Borderline personality disorder (BPD) is a complex disorder that is said to affect 2 % of the population. It is more commonly diagnosed in women and frequently occurs with other mental illnesses including mood disorders, anxiety disorders, and eating disorders. Being diagnosed with BPD can be scary, frustrating, and comforting- to know that other people are experiencing similar symptoms and you are not alone.
Unfortunately, BPD can be misunderstood and labeled, even by other medical/mental health professionals. Some people will label those with BPD as manipulative, unstable, and attention seeking. These traits do not describe the individuals who I tend to work with who have been diagnosed with BPD. The people who I meet with who are struggling with symptoms of BPD are typically compassionate, lonely, anxious, and frustrated.
BPD has a strong genetic link (meaning it can be inherited in her genetic makeup) and is more frequently diagnosed in those who have experienced childhood trauma or abuse. Imagine growing up in an environment that didn’t understand or meet your needs. What if you were sad and needed a hug and reassurance and instead you were met with anger, hostility, the “I’ll give you something to cry about”? What if you had a rough day at school and when you tried to explain to your caretaker about your bad day, they would only respond with things such as, “it wasn’t that bad”, “you’re ok”, “you’re tough, get over it”, and the like. How would you try to communicate your feelings? If you really wanted to try to have someone understand just how awful you were feeling you would have to be louder in your communication. This is something I frequently see with individuals who are struggling with symptoms of BPD. They learn from a young age that their feelings are invalid/wrong, people don’t understand them, and they have to be louder (or more extreme) to get their needs met.
This doesn’t mean that everyone diagnosed with BPD had parents’ who did these things or that parents’ caused their BPD symptoms. Typically people with BPD have had at least one person in their life whom made them feel invalidated about their feelings. People with BPD are frequently more sensitive to criticism and can be overall sensitive children, making parenting these children more difficult.
Imagine living in a world where you feel misunderstand, scared, emotional, and angry. Fears of being left alone, abandoned. Not feeling like you have any meaning or purpose in your life. A feeling of emptiness. Maybe even feeling suicidal or that the world be better off without you. Knowing that it only takes something that others may see as “no big deal” to make you upset and very angry. Not knowing how to cope with feelings of anger. Feeling really happy sometimes and really sad and depressed other times. Sometimes doing impulsive or dangerous things and then regretting having engaged in the behavior and feeling guilty and shameful. Hating yourself so much that you hurt yourself. Or hurting yourself because you feel so out of control you don’t know what else to do. Falling so deeply in love that you can’t imagine living without the person and fearing every day that they may leave you, but easily becoming angry with that person too. Sometimes not feeling “real” or numb and dissociating.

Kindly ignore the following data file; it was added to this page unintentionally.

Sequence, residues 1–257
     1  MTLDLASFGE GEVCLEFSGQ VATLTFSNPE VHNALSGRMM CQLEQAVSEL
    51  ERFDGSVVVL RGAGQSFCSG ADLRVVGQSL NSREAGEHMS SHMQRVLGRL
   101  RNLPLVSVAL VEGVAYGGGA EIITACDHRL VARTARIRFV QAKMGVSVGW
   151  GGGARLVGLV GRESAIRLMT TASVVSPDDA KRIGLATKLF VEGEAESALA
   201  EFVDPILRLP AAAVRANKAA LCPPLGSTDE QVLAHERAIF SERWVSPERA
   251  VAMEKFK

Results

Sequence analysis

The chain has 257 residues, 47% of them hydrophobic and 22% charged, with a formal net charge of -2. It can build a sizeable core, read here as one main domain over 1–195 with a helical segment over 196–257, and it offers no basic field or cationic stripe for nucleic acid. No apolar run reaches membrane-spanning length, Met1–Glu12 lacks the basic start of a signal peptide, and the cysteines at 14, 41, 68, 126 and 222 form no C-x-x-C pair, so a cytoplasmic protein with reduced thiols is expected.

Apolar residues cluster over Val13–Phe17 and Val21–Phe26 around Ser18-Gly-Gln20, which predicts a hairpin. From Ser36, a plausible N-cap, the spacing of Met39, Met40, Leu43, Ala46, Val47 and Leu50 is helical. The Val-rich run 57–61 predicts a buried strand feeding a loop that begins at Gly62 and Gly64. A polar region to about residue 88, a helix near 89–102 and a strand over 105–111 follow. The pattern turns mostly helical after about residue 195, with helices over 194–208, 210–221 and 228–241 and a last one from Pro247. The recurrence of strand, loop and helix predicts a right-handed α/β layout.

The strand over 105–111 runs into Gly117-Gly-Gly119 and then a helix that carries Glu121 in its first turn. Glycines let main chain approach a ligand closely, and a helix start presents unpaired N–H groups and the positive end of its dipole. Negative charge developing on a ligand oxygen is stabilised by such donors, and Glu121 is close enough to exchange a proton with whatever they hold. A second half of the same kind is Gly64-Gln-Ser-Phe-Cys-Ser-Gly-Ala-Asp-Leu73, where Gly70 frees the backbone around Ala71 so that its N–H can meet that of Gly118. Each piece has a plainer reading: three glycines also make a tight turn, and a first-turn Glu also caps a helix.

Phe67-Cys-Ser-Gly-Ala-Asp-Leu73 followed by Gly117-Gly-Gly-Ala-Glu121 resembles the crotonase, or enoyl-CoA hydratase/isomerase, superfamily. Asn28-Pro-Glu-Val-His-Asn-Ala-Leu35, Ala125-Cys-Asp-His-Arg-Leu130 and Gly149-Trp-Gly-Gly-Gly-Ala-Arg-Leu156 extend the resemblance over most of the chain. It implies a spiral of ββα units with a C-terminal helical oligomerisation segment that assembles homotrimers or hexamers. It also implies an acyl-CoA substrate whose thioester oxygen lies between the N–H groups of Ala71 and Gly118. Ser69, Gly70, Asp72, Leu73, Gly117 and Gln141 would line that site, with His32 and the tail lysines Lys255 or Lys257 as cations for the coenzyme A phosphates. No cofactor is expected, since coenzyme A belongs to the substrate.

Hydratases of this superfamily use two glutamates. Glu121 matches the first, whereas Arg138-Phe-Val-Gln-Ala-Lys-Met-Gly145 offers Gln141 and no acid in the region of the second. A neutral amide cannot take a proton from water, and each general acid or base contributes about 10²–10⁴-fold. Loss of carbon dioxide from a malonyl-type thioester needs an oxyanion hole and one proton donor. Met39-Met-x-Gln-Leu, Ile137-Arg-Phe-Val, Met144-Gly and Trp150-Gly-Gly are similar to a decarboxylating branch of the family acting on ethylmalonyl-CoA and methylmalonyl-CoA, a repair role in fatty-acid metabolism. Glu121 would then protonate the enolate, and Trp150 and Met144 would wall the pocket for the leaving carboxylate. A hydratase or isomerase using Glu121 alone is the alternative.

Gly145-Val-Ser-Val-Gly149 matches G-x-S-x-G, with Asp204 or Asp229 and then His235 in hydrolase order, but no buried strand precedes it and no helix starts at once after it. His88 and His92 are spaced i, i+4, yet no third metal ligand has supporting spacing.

This life sounds complicated, frustrating, and lonely. If these things sound familiar to you, know that you are not alone! And that there is help available! There are several treatment options available for people who struggle with these things. Therapy can help you learn coping skills to deal with your feelings. You can learn how to be assertive and ask for the things that you need and want in your life, without having to go to extremes to get that need met. You can learn how to find meaning and purpose in your life and to create healthy relationships were you can feel loved.
For so many people I work with, it has also been important for them to surround themselves with people who respect them as a person. Sometimes this means changing our relationships with people from our past who may continue to treat us poorly, by learning how to set boundaries with them. Talking about past trauma and abuse may also be helpful, but not necessarily a must. Learning ways to identify our negative thoughts and beliefs and change those things to more accurate, positive thoughts. Grieving the loss of past relationships or the lack of support you were given as a child, can help too. Understanding how to create new neuronal pathways in our brain that allow us to use the new coping skills and develop self-compassion. Figuring out ways for you to be able to take care of yourself in a loving way can be another treatment goal.
The most important predictor to determine if therapy will be helpful is the relationship you are able to build with your therapist. Make sure you feel respected, listened to, and validated. Making that call or sending that email to a new therapist can feel scary, but you deserve to be able to live a happy and healthy life!
Trusted Therapy, Inc
Tonya McFarland, PsyD, CEDS
Licensed Clinical Psychologist
Certified Eating Disorder Specialist
1030 Johnson Rd, # 323
Golden, CO 80401